I really admire scientists. But even if you’re a genius, if your frozen prejudice is, the Earth is flat, you’ll waste your life with really impressive, complicated calculations few people understand, proving that it isn’t round. It won’t stop you from shooting satellites into space, your world view will just get really confusing. I prefer Ockham’s razor, it works well when applied to basic, general things. I don’t even care if I’m right or wrong, I just want to find out. Scientists losing touch with reality – happens often enough. Some stranger just passing by and pushing them ahead with his totally different point of view – as well. So let’s find it out experimentally.
    Here’s your glimpse into the black box: 1 actually means second. Do I need to be Einstein to know that 2×2=4? No, it even helps. We’re moving through time at light speed, at least related to our jump phase’s clock. And time at quantum level must run at an extremely fast pace if it allows for light-speed rotation in three dimensions. It’s all a bit more complex, but that’s the basics. I never questioned the equations, I said, there’s no black box beyond our understanding. I want to figure out the bricks, before I take a shot at architecture. And as I mentioned above, I’m not exactly a master in scientific semantics. I use the term “theory” in the colloquial sense.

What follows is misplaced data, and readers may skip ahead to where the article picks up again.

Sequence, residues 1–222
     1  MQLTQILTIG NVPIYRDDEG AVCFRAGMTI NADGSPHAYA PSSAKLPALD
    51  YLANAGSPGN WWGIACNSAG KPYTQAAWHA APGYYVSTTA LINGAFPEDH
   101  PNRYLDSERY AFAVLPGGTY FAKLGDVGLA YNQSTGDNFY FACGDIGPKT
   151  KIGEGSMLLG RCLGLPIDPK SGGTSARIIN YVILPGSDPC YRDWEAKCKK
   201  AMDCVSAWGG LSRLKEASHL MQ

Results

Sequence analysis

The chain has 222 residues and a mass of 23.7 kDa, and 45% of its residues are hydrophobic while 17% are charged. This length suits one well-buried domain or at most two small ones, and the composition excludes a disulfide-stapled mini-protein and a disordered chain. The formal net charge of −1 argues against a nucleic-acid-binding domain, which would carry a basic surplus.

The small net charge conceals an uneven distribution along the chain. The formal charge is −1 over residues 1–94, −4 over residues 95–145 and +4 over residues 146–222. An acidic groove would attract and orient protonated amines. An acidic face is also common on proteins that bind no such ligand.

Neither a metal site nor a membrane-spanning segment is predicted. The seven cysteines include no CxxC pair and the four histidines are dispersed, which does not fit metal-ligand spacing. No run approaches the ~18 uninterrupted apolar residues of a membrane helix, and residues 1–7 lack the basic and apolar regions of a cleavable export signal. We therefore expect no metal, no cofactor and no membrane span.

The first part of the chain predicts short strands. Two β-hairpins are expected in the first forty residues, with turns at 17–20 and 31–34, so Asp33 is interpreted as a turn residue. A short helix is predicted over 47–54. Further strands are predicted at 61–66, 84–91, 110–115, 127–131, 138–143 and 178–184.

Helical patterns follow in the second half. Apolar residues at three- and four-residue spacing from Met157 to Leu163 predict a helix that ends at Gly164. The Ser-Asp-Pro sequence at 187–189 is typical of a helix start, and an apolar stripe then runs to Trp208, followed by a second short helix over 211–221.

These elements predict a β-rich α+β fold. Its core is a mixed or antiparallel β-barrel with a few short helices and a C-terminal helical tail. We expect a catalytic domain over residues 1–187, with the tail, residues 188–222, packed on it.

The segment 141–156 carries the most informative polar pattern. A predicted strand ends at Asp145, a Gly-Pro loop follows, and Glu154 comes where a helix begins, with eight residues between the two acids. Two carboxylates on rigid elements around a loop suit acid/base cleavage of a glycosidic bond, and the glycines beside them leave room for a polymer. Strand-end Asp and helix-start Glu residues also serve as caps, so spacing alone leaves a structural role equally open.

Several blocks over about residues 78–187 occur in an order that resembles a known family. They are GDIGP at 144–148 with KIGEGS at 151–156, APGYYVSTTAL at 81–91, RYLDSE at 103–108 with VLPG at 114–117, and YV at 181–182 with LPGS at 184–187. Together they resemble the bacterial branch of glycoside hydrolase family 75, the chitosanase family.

„…nature doesn’t care why we pull our hands away from the fire, it only cares that we do so.“ Exactly. And without consciousness and emotions, it would lack the tools to make us do so. They wouldn’t be there if they didn’t have a Darwinist function.
    „…imagine a nonconscious computational circuit that initiates withdrawal from damaging thermal stimuli.“ Any evidence that a computational circuit is nonconscious? Logic speaks against it. It doesn’t take much data for simple decisions, so its consciousness won’t have much content, but the difference between “none” and “next to none” is the one Hamlet asked about. Same principle with drawing your hands from the fire – you, as the cell of a state, don’t have to ask permission from the king to do so, you report the incident afterwards. We get fused into particles by energy flows, aka data flows. Same principle here as everywhere.